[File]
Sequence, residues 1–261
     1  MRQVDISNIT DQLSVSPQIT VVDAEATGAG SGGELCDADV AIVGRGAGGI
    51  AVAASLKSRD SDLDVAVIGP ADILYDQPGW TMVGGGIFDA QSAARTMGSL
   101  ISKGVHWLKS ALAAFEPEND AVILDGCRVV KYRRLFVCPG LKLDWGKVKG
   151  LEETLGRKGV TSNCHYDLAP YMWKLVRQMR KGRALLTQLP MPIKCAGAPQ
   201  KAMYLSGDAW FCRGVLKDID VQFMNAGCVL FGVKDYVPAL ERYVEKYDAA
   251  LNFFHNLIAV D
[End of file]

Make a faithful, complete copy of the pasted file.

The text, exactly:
Sequence, residues 1–261
     1  MRQVDISNIT DQLSVSPQIT VVDAEATGAG SGGELCDADV AIVGRGAGGI
    51  AVAASLKSRD SDLDVAVIGP ADILYDQPGW TMVGGGIFDA QSAARTMGSL
   101  ISKGVHWLKS ALAAFEPEND AVILDGCRVV KYRRLFVCPG LKLDWGKVKG
   151  LEETLGRKGV TSNCHYDLAP YMWKLVRQMR KGRALLTQLP MPIKCAGAPQ
   201  KAMYLSGDAW FCRGVLKDID VQFMNAGCVL FGVKDYVPAL ERYVEKYDAA
   251  LNFFHNLIAV D